The electronic circuit 16 includes a sequencer 161 which provides two clock signals 162 and 163 both beginning at an instant t0 defined as the instant from which the beginning of the determined zone on the item is facing the nozzle, i.e. the instant at which a first pressure measurement can be performed.
The sequencer 161 determines this instant t0 on the basis of the signal C and a preestablished and adjustable delay value R coming from a data input member 165, and a preestablished and adjustable offset value D coming from a data input member 166. The value of the delay R corresponds to the time required by the item 2 to move from the sensor 17 to the nozzle 5. The value of the offset D corresponds to the time required by the item 2 to move from a position where its leading edge overlies the nozzle 5 to a position where the beginning of the determined zone overlies the nozzle 5.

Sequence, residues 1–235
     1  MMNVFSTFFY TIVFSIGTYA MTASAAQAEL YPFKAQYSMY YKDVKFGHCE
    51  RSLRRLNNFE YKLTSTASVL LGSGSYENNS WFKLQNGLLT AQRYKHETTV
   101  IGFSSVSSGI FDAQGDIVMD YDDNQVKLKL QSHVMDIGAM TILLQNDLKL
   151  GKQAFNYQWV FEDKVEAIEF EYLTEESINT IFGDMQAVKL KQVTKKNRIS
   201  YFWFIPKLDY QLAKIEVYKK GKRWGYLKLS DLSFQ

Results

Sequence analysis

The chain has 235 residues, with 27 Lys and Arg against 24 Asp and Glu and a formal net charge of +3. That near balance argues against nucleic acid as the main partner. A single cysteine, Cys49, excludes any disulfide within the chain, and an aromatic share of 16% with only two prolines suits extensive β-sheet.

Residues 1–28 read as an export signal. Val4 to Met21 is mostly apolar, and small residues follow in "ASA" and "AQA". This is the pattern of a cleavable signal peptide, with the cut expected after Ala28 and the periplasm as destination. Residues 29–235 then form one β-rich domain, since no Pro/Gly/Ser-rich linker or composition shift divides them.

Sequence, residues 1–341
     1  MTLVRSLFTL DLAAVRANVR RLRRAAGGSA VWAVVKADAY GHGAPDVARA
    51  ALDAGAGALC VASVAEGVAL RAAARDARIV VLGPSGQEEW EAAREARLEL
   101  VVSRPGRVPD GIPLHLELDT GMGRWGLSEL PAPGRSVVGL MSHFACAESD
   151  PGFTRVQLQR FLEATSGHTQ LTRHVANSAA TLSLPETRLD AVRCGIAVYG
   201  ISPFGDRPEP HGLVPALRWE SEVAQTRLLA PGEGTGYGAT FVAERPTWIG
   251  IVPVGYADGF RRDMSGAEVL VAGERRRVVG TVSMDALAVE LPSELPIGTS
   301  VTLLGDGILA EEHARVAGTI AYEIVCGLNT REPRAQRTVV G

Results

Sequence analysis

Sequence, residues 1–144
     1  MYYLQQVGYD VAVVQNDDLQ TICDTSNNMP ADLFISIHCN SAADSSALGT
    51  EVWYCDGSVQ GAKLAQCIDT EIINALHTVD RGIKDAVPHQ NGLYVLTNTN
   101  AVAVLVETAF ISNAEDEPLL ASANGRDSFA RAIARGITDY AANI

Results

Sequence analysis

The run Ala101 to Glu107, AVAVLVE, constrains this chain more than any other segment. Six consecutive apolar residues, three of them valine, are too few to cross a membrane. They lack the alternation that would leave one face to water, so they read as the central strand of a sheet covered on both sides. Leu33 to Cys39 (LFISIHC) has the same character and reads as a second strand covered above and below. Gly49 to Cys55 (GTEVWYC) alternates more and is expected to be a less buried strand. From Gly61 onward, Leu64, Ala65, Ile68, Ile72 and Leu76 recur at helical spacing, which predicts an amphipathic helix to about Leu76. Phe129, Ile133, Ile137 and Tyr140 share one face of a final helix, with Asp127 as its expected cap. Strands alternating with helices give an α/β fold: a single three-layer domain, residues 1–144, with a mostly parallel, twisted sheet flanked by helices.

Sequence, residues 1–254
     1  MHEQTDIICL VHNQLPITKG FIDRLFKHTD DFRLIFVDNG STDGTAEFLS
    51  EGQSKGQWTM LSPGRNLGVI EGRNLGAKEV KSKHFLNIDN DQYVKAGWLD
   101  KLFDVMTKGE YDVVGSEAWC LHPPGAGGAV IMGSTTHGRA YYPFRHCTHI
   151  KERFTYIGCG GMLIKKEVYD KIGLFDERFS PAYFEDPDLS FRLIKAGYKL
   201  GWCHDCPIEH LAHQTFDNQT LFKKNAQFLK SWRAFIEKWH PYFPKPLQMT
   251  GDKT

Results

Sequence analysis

The clock signals stop at an instant t1 defined as the instant at which the end of the predetermined zone overlies the nozzle 5. The sequencer 161 determines this instant t1 on the basis of the instant t0 and a second offset value L that is preestablished and adjustable and that is made available on a data input member 167, this second value corresponding to the time required by the item 2 to move from the position in which the beginning of the determined zone overlies the nozzle 5 to a position in which the end of the determined zone overlies the nozzle 5.